Sermon Commentary for Sunday, January 23, 2022
Nehemiah 8:1-3, 5-6, 8-10 Commentary
Quick! What is your favorite verse from the Book of Nehemiah?
Ask that of most churchgoing Christians and the answer is likely to be, “Ummm . . . Not sure.” Although some people may be familiar with the overall storyline of Nehemiah, mostly the specifics are not widely known. So if you said to someone, “How about the verse that says, ‘The joy of the Lord is your strength’?”, the odds are they would say, “I didn’t know that was from Nehemiah! I thought it was in a psalm or something.”
But no, it’s in Nehemiah 8 and it is the best-known verse in this book that actually has relatively few (if any) other verses most people know by heart.
The Lectionary carves up Nehemiah 8:1-10 apparently out of deference to people who don’t like trying to pronounce lists of Hebraic name because that is in the deleted verses 4 and 7 but if you don’t mind practicing those a bit, you can just read all 10 verses in worship.
In general Nehemiah 8 sounds vaguely like a dream come true for preachers. After all, there stands Ezra in what amounts to a pulpit with a large throng of people in front of him. He reads and explains the Word of God. The people had not had a chance to hear it just this way in decades. In fact, probably most people there that day could never remember a time when they got to soak up the very Word of Yahweh as it had been handed down from the time of Moses. So they stood in rapt attention, hanging on Ezra’s every word.
There was much they understood but the tougher points were nicely explained by Rev. Ezra. He made it possible to understand . . . to understand nothing short of the very Word of God, the will of Yahweh for his people. Although we were not told this along the way, we find out in verse 9 that as it turned out, the people had been so moved, so convicted, so arrested by Ezra’s explications and readings, they were weeping. Since we’re not really told why they had started to cry, we can only speculate. Ezra tells them not to “mourn,” which may indicate that what was behind the tears was a certain sadness at how out-of-alignment their lives had been vis-à-vis God’s will for his people.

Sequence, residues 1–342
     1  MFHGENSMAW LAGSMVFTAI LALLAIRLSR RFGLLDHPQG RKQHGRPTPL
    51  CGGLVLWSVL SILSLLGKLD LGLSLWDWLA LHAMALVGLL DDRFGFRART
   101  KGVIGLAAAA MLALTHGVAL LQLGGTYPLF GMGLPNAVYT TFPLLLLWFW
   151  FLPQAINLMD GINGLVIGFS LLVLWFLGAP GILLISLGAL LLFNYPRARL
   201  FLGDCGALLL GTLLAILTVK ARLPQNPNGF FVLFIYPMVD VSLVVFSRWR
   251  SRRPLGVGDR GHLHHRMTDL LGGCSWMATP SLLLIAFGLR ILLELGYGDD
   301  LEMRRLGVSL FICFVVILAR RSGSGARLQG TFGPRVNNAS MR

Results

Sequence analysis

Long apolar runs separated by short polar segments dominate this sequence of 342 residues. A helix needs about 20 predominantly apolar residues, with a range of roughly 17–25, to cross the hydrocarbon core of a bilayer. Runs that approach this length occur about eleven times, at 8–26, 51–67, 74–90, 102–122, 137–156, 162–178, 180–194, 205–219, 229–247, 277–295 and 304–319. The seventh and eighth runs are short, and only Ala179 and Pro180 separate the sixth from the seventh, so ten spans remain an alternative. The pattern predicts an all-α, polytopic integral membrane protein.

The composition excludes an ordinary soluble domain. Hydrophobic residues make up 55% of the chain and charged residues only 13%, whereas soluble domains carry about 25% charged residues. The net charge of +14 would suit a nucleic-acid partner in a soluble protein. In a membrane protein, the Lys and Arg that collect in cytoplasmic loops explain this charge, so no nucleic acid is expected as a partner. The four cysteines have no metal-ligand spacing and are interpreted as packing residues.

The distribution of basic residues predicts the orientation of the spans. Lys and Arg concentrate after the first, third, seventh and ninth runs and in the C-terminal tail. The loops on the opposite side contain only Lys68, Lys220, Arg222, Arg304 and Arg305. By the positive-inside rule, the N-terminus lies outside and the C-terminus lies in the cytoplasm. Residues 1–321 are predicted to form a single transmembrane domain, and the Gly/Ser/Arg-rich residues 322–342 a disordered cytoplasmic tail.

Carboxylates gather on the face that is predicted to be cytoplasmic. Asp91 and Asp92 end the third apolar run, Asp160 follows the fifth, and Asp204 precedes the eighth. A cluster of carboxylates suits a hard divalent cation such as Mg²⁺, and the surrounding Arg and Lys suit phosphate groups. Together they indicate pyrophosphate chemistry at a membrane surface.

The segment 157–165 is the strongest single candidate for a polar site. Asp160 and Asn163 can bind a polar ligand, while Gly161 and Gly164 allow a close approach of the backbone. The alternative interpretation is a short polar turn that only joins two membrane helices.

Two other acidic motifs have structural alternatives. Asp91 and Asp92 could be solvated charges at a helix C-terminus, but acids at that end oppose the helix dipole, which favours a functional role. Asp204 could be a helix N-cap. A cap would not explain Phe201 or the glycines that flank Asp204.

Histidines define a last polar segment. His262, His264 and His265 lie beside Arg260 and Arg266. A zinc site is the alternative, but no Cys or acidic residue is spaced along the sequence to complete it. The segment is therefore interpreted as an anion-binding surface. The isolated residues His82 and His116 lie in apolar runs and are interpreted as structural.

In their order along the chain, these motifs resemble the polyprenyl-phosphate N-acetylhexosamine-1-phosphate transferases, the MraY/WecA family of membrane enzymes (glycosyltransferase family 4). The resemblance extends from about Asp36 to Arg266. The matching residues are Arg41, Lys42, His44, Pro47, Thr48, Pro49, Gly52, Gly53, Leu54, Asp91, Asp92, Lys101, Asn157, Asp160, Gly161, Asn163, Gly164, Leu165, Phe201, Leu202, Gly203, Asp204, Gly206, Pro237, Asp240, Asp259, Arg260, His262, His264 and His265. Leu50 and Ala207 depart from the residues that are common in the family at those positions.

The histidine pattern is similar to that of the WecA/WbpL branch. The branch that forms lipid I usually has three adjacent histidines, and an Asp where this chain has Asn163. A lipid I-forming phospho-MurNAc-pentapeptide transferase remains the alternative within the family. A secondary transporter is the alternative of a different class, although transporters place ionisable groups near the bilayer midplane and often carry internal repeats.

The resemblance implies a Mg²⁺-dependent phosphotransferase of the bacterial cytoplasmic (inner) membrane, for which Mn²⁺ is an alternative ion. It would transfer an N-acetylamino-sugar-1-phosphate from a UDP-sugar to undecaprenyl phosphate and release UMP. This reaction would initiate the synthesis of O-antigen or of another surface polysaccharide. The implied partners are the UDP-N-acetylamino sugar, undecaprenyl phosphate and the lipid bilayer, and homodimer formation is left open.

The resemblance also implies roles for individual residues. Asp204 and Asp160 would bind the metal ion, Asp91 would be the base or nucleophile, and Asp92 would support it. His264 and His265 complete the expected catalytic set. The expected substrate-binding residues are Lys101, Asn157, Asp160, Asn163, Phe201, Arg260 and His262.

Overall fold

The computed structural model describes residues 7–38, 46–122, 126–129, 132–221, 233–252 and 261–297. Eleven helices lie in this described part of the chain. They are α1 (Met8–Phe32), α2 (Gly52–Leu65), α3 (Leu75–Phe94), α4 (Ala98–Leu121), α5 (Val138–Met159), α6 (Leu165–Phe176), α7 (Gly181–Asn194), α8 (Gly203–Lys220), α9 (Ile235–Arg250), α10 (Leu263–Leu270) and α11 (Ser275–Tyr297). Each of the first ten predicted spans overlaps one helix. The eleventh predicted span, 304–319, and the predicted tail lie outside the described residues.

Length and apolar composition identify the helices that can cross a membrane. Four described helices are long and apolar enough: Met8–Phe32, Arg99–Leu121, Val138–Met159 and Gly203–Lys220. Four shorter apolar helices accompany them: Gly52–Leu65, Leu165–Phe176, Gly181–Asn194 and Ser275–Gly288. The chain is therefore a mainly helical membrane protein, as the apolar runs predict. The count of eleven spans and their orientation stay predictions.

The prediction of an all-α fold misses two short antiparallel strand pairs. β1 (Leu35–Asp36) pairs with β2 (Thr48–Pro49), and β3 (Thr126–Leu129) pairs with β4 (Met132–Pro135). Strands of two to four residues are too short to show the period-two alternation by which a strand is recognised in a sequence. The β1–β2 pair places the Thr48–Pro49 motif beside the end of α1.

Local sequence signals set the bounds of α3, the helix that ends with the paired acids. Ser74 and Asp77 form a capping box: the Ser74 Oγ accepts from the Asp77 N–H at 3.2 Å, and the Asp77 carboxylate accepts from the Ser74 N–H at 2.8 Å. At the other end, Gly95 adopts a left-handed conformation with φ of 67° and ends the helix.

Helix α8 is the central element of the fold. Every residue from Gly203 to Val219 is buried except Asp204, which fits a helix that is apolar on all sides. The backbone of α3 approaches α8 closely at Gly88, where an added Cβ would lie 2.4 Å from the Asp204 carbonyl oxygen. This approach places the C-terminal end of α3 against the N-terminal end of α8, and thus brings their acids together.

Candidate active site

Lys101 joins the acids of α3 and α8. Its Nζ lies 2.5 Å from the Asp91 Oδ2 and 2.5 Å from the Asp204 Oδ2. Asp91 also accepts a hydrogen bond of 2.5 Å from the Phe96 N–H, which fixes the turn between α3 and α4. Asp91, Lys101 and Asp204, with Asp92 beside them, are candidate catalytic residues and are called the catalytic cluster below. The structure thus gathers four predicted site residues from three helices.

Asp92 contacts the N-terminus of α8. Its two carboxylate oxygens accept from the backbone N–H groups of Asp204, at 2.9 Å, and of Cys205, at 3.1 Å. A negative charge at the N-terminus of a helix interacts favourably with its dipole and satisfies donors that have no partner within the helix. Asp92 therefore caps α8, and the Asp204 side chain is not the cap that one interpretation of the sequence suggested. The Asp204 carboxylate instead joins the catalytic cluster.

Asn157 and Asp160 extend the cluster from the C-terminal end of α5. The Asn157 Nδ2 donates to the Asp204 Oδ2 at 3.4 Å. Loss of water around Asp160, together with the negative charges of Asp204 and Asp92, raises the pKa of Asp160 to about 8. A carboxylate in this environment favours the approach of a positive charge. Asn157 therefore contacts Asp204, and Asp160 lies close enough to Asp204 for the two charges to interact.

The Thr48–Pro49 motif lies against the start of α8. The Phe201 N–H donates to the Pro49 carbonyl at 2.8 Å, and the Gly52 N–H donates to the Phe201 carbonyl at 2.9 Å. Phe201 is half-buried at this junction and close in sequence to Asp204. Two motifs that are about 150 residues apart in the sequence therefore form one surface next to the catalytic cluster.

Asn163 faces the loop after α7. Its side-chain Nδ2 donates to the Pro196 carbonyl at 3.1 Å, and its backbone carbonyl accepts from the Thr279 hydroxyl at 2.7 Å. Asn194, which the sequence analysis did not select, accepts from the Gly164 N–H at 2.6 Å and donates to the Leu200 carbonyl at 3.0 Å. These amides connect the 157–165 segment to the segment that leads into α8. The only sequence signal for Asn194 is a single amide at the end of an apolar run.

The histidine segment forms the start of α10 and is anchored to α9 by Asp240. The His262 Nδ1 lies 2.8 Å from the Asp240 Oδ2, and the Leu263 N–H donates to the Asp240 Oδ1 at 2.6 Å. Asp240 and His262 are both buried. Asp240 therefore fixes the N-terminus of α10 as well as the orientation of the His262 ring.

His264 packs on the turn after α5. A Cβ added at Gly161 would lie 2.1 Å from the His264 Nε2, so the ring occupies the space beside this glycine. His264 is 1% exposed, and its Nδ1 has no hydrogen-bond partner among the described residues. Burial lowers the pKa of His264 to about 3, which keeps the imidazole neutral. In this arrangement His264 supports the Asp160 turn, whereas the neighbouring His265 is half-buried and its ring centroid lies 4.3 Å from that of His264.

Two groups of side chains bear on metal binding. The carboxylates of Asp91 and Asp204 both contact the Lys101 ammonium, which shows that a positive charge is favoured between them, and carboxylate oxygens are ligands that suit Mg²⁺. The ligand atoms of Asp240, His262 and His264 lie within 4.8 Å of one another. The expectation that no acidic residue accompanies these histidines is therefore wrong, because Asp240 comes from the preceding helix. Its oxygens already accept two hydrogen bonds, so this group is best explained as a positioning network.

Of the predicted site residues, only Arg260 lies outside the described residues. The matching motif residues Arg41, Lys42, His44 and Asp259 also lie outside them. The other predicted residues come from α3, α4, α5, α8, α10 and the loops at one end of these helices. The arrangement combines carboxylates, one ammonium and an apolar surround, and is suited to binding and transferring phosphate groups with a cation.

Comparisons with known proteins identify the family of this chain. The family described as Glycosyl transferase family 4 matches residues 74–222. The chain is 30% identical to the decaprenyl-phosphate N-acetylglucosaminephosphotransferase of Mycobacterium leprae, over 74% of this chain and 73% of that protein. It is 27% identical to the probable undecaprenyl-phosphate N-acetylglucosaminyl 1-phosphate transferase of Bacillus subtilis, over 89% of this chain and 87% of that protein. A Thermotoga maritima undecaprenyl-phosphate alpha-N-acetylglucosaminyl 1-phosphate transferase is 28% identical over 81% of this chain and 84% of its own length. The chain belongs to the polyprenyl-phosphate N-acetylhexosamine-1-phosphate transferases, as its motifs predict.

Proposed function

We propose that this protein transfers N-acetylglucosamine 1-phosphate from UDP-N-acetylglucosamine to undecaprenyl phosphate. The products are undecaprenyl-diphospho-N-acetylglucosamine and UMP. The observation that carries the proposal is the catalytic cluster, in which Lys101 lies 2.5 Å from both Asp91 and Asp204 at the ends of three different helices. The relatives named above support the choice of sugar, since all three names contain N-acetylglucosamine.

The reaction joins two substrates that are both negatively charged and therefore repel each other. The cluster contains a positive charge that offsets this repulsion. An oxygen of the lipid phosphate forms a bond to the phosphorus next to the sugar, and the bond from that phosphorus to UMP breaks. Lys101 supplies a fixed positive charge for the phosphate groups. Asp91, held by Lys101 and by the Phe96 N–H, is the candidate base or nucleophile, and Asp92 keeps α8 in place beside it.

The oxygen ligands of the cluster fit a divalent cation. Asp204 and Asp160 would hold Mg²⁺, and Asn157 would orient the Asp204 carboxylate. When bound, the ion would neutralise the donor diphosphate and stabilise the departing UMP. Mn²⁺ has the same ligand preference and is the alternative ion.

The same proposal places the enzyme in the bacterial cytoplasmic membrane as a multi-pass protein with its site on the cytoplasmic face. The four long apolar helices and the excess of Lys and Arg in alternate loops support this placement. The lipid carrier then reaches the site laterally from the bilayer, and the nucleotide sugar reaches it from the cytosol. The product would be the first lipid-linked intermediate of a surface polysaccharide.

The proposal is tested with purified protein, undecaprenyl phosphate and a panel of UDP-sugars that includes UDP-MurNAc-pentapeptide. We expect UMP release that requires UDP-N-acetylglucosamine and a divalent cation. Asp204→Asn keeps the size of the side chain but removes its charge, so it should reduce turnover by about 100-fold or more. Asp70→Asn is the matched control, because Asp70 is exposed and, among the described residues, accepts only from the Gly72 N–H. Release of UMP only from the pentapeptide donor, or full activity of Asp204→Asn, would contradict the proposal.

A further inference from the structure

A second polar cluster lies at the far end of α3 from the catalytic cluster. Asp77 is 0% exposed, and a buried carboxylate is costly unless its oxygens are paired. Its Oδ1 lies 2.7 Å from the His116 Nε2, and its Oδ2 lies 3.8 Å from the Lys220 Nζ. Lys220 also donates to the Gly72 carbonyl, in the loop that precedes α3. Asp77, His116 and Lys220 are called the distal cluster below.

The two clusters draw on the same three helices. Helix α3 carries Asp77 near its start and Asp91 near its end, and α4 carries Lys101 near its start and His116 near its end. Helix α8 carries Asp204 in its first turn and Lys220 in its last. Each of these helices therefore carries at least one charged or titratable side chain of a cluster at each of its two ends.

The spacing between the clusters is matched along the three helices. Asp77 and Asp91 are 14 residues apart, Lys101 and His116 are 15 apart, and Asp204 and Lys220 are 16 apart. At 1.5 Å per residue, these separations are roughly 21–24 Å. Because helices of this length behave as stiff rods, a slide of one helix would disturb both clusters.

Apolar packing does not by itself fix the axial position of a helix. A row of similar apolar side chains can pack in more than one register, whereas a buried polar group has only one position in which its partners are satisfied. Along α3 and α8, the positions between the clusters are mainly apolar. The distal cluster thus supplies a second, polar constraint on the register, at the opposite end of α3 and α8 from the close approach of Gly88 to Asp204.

But maybe it was more than that.
Maybe what set their tear ducts to flowing was the beauty of God’s revelation, the sheer wonder of getting to hear something proclaimed in public that had not been heard for so very long during Israel’s long period of Babylonian exile. Now they had come home. Granted, it was a ramshackle wreck of a place to which they returned and the work required to set things to right was daunting. But they were home and, as such, were eager to lap up the words of Ezra in that he was speaking the Word of Yahweh.
This is kind of a preacher’s dream come true! An attentive audience. A congregation eager to hear what you have to say and not merely willing to tolerate another sermon en route to the end of the service. They listened. They weren’t glancing at their watches, weren’t nodding off, weren’t wearing expressions on their faces that could indicate concentration but could just as easily signal either boredom or deep anger (or both!). Yes, we preachers know what it is to look out into the faces of our congregations and see such a variety of expressions, each of which betrays one state of mind or another. Seldom, though, are the people as attentive as Nehemiah 8 depicts the returned exiles as being.